Laboratory experiments on the effect of light and cover on the behaviour and growth of African catfish, Clarias gariepinus (Pisces: Clariidae)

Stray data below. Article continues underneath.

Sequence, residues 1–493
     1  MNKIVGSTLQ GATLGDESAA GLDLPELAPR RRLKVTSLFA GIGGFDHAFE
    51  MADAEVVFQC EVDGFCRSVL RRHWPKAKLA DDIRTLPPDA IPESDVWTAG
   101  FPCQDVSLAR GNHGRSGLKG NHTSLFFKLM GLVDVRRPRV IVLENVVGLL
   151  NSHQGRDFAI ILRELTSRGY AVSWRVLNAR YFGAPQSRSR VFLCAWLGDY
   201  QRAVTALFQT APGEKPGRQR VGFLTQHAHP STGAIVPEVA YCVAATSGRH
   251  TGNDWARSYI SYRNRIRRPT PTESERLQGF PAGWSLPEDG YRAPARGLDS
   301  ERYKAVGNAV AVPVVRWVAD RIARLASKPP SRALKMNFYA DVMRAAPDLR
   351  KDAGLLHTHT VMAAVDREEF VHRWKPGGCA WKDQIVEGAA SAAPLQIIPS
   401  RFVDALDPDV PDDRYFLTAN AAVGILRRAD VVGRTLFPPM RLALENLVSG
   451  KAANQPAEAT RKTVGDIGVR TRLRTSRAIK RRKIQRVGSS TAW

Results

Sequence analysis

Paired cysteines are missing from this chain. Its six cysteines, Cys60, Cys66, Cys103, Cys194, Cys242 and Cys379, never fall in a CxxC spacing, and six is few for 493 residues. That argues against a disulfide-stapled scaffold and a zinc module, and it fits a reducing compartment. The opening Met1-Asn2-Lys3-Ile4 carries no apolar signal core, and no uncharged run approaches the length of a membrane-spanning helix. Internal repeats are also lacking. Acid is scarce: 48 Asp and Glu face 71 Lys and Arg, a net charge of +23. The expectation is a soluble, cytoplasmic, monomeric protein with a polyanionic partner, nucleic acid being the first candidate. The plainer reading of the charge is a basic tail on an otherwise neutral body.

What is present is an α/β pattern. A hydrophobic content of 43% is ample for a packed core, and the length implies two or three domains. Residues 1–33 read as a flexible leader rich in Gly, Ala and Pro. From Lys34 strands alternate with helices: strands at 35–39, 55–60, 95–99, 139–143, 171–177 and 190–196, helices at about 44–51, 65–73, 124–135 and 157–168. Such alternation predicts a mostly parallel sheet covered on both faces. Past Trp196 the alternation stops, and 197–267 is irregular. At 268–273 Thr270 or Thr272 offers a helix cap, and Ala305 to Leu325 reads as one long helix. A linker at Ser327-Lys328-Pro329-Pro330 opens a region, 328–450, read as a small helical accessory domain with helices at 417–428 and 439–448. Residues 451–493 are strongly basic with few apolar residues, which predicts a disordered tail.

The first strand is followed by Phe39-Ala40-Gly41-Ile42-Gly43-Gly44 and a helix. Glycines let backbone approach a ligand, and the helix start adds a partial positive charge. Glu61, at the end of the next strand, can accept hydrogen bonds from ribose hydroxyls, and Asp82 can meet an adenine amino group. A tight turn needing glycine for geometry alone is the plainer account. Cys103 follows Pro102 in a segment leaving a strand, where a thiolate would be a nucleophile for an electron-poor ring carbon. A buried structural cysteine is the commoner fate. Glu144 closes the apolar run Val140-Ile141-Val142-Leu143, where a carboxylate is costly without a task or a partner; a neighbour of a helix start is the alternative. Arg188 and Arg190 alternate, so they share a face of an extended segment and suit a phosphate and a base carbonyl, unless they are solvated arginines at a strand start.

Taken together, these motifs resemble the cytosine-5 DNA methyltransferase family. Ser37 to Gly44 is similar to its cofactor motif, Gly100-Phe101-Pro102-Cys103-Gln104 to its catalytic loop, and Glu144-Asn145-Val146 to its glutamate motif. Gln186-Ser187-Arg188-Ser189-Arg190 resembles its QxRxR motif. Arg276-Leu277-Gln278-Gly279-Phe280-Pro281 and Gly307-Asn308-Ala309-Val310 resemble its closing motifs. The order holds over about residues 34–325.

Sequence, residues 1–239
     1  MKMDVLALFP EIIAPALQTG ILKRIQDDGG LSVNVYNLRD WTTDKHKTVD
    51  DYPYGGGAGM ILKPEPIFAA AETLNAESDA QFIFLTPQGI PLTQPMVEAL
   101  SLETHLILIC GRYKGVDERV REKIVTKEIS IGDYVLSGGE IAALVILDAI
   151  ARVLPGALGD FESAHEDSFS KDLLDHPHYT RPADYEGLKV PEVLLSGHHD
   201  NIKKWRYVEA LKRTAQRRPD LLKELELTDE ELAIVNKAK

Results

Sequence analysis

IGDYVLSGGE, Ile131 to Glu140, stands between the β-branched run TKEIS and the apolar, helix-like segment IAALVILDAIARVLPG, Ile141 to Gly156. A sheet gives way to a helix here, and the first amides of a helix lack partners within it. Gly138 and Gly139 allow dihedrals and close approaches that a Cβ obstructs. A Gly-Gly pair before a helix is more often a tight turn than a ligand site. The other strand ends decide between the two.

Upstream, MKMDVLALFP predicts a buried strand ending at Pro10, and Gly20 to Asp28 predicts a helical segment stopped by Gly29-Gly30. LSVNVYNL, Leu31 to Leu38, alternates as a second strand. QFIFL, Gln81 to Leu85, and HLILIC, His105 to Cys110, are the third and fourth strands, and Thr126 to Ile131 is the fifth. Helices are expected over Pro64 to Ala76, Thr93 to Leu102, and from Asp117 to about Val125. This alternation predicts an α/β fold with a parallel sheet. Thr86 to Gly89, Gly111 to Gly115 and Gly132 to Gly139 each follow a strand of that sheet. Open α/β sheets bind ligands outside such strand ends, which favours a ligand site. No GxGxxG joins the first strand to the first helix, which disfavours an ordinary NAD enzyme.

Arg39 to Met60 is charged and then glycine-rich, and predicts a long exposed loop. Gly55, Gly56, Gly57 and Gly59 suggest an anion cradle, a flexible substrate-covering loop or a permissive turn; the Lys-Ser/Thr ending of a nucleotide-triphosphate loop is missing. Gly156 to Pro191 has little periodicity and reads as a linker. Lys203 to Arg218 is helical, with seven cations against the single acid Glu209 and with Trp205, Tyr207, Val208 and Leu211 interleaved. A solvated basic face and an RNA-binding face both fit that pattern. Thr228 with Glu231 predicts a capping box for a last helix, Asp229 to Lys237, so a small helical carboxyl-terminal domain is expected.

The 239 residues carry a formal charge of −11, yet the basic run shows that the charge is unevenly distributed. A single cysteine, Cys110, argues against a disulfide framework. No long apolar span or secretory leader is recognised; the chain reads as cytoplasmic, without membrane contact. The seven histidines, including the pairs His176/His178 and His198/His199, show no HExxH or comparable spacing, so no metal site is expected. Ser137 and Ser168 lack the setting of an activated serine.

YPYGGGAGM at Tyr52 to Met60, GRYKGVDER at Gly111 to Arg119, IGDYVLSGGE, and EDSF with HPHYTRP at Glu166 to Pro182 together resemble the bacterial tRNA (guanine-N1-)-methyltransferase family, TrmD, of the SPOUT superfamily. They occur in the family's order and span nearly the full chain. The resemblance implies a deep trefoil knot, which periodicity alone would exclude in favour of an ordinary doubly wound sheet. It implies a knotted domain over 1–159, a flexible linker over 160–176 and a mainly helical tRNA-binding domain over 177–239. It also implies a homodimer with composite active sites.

The effect of different photoperiod regimes, as well as cover in continuous light (24L/0D) and darkness (OL/24D), on the growth rate of larval Clarias gariepinus was evaluated. In addition, a behavioural study of the effect of light on larval and juvenile C. gariepinus was made. The growth rate of larvae was found to increase with shorter light periods, the highest being recorded in continuous darkness (0L/24D photoperiod). Cover was found to enhance the growth rate of larvae reared under a continuous light period, however, the presence of cover did not affect the growth rates of larvae reared in continuous darkness. The behaviour of larval and juvenile catfish differed markedly in continuous light and darkness. When subject to a continuous light period, a strong negative phototaxis, long rest periods interspersed with disturbed activity, refuge seeking behaviour, and increasing incidence of territorial aggression were observed. In continuous darkness, the fish displayed a high level of active swimming with fewer rest periods, and a lower incidence of disturbed rest activity. The level of territorial aggression among fish in continuous darkness gradually declined and became negligible. Higher levels of browsing and airbreathing activity were observed in continuous darkness than in light. The present results, interpreted together with other ecological and anatomical data, demonstrate this species to be primarily a nocturnally active, tactile feeder, with a distinct diet activity pattern. The refuge seeking behaviour observed in the light is interpreted as an adaptation to avoid predators that rely on sight to detect prey. This behaviour, however, appears to promote intraspecific competition for refuges, resulting in a high degree of territorial aggression, and probably an increase in the rate of cannibalism. With regard to fish culture, it is suggested that the rearing of larvae in conditions of continuous darkness or low light intensity is optimal owing to the higher growth rates and apparent reduction of stress observed under these conditions.